Nicholas Schneider is an associate professor in the Department of Astrophysical and Planetary Sciences at the University of Colorado and a researcher in the Laboratory for Atmospheric and Space Physics. He received his B.A. in physics and astronomy from Dartmouth College in 1979 and his Ph.D. in planetary science from the University of Arizona in 1988. In 1991, he received the National Science Foundation’s Presidential Young Investigator Award. His research interests include planetary atmospheres and planetary astronomy. One research focus is the odd case of Jupiter’s moon Io. Another is the mystery of Mars’s lost atmosphere, which he hopes to answer by serving as science lead on the Imaging UV Spectrograph on NASA’s MAVEN mission. Nick enjoys teaching at all levels and is active in efforts to improve undergraduate astronomy education. In 2010, he received the Boulder Faculty Assembly’s Teaching Excellence Award. Off the job, Nick enjoys exploring the outdoors with his family and figuring out how things work.
Mark Voit is a professor in the Department of Physics and Astronomy and Associate Dean for Undergraduate Studies in the College of Natural Science at Michigan State University. He earned his A.B. in astrophysical sciences at Princeton University and his Ph.D. in astrophysics at the University of Colorado in 1990. He continued his studies at the California Institute of Technology, where he was a research fellow in theoretical astrophysics, and then moved on to Johns Hopkins University as a Hubble Fellow. Before going to Michigan State, Mark worked in the Office of Public Outreach at the Space Telescope, where he developed museum exhibitions about the Hubble Space Telescope and helped design NASA’s award-winning HubbleSite. His research interests range from interstellar processes in our own galaxy to the clustering of galaxies in the early universe, and he is a Fellow of the American Association for the Advancement of Science. He is married to coauthor Megan Donahue, and cooks terrific meals for her and their three children. Mark likes getting outdoors whenever possible and particularly enjoys running, mountain biking, canoeing, orienteering, and adventure racing. He is also author of the popular book Hubble Space Telescope: New Views of the Universe.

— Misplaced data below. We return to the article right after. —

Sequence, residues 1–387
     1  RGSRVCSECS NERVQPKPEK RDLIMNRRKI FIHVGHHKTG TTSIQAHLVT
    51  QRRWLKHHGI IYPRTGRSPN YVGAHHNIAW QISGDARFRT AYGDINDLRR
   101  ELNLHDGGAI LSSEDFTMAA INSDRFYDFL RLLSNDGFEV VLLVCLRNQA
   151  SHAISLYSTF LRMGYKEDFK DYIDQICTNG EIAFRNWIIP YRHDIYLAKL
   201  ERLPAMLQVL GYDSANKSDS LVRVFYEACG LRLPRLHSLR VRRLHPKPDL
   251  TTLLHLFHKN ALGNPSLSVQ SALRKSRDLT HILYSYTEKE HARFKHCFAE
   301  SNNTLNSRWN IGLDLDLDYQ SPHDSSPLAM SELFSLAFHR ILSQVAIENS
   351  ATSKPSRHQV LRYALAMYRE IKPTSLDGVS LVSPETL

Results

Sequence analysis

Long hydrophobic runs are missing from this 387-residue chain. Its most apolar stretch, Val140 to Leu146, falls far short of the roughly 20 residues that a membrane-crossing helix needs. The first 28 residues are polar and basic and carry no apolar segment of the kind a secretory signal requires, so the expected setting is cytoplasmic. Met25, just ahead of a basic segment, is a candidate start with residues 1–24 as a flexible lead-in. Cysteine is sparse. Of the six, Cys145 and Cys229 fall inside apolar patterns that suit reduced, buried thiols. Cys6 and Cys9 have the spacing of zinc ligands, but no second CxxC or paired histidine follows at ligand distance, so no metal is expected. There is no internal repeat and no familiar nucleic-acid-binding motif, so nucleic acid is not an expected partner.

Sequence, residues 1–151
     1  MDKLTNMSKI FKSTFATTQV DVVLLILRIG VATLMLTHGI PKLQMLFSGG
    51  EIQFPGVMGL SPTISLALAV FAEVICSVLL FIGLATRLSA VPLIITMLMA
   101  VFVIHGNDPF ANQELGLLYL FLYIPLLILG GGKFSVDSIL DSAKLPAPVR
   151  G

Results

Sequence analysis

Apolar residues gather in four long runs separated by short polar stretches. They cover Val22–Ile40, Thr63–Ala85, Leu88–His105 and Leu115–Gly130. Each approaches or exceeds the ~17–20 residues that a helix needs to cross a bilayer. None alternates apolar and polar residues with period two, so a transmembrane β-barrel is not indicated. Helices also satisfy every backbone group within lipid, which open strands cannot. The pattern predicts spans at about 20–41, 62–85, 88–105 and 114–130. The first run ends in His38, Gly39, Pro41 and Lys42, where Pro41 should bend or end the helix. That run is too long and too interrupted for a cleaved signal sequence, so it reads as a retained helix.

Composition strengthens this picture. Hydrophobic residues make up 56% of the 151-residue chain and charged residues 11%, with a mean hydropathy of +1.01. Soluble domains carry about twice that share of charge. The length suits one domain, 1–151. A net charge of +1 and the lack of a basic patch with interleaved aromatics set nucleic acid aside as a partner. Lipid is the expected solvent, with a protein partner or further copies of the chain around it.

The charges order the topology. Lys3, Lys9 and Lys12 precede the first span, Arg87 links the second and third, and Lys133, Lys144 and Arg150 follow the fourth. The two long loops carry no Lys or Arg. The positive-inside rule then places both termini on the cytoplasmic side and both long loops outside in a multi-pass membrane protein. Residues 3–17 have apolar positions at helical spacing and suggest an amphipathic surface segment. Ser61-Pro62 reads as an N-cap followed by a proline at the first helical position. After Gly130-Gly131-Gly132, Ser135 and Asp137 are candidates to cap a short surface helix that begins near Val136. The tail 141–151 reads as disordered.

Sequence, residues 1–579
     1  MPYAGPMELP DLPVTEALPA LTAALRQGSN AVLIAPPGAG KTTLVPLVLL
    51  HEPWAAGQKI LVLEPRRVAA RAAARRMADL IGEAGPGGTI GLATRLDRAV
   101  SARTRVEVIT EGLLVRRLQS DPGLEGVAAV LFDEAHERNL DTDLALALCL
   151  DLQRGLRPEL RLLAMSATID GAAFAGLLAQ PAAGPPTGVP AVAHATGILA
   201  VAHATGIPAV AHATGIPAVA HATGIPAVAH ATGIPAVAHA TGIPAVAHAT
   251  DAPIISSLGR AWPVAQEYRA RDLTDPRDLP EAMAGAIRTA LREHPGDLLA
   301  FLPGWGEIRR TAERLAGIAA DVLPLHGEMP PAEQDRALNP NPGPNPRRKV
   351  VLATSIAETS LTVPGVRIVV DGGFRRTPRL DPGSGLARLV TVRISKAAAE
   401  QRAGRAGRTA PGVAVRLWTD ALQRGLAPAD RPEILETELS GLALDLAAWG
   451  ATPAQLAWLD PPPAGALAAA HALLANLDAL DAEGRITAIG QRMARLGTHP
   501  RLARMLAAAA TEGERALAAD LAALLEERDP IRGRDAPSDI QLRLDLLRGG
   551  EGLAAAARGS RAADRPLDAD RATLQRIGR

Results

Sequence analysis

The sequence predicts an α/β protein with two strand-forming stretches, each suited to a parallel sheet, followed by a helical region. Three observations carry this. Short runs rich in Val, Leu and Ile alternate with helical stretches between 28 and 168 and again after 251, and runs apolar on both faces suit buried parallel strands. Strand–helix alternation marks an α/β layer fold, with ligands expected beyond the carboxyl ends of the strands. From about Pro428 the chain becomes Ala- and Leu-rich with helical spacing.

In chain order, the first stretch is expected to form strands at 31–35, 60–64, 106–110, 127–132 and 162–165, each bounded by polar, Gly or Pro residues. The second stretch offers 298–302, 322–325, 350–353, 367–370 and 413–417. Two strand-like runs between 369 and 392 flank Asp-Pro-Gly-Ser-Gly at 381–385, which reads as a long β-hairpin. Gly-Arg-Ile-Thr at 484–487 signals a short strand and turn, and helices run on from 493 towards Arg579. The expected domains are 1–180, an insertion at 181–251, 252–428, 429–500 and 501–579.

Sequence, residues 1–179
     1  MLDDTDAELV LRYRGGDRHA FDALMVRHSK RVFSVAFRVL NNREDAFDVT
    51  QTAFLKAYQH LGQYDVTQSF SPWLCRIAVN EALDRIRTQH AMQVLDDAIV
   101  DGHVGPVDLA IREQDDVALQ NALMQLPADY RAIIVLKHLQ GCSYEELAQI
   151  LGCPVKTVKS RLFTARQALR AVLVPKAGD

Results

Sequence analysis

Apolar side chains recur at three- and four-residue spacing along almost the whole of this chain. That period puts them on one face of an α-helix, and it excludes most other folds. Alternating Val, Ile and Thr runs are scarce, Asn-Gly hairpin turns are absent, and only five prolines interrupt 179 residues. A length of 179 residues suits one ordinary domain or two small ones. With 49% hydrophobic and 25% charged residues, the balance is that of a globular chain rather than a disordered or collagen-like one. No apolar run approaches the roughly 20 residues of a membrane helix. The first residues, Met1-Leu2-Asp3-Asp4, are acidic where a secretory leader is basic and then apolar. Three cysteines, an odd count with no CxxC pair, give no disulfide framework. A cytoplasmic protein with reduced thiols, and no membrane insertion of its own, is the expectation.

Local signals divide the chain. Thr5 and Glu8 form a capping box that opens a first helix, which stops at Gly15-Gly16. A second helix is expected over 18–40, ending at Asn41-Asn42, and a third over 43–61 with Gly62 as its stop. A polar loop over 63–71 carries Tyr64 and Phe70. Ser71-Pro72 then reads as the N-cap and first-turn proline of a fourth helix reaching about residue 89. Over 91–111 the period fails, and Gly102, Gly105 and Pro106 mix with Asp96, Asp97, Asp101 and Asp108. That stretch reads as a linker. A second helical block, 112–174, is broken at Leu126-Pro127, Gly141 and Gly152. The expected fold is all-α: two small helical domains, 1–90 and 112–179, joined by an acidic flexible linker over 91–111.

Table of Contents
I. DEVELOPING PERSPECTIVE.
1. Our Place in the Universe.
2. Discovering the Universe for Yourself.
3. The Science of Astronomy.
S1. Celestial Timekeeping and Navigation.
II. KEY CONCEPTS FOR ASTRONOMY.
4. A Universe of Matter and Energy.
5. Universal Motion.
6. Light: The Cosmic Messenger.
7. Telescopes: Portals of Discovery.
III. LEARNING FROM OTHER WORLDS.
8. Our Solar System: An Introduction and Overview.
9. Formation of the Solar System.
10. Planetary Geology: Earth and the Other Terrestrial Worlds.
11. Planetary Atmospheres: Earth and the Other Terrestrial Worlds.
12. Jovian Planet Systems.
13. Remnants of Rock and Ice: Asteroids, Comets, and Pluto.
14. Planet Earth and Its Lessons on Life in the Universe.
IV. A DEEPER LOOK AT NATURE.
S2. Space and Time.
S3. Spacetime and Gravity.
S4. Building Blocks of the Universe.
15. Our Star.
17. Star Stuff.
18. The Bizarre Stellar Graveyard.
VI. GALAXIES AND BEYOND.
19. Our Galaxy.
20. Galaxies: From Here to the Horizon.
21. Galaxy Evolution.
22. Dark Matter and the Fate of the Universe.
23. The Beginning of Time.
24. Life in the Universe.
Appendix A: A Few Mathematical Skills.
Appendix B: The Periodic Table of the Elements.
Appendix C: Planetary Data.
Appendix D: Stellar Data.
Appendix F: Key Equations.